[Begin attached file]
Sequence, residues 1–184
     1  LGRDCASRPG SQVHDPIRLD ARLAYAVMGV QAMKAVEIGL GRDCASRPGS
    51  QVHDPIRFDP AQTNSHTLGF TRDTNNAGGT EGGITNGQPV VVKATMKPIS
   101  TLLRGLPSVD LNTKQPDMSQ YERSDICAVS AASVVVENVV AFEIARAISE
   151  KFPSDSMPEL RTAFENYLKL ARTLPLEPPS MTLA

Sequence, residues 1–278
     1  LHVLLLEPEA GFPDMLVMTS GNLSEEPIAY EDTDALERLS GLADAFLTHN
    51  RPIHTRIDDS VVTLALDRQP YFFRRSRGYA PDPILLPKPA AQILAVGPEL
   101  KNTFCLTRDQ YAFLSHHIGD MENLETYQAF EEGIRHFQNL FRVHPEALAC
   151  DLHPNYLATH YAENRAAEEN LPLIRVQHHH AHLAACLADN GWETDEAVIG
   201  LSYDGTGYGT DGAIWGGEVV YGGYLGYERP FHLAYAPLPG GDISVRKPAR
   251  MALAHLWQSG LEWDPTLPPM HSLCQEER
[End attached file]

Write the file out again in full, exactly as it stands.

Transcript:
Sequence, residues 1–184
     1  LGRDCASRPG SQVHDPIRLD ARLAYAVMGV QAMKAVEIGL GRDCASRPGS
    51  QVHDPIRFDP AQTNSHTLGF TRDTNNAGGT EGGITNGQPV VVKATMKPIS
   101  TLLRGLPSVD LNTKQPDMSQ YERSDICAVS AASVVVENVV AFEIARAISE
   151  KFPSDSMPEL RTAFENYLKL ARTLPLEPPS MTLA

Sequence, residues 1–278
     1  LHVLLLEPEA GFPDMLVMTS GNLSEEPIAY EDTDALERLS GLADAFLTHN
    51  RPIHTRIDDS VVTLALDRQP YFFRRSRGYA PDPILLPKPA AQILAVGPEL
   101  KNTFCLTRDQ YAFLSHHIGD MENLETYQAF EEGIRHFQNL FRVHPEALAC
   151  DLHPNYLATH YAENRAAEEN LPLIRVQHHH AHLAACLADN GWETDEAVIG
   201  LSYDGTGYGT DGAIWGGEVV YGGYLGYERP FHLAYAPLPG GDISVRKPAR
   251  MALAHLWQSG LEWDPTLPPM HSLCQEER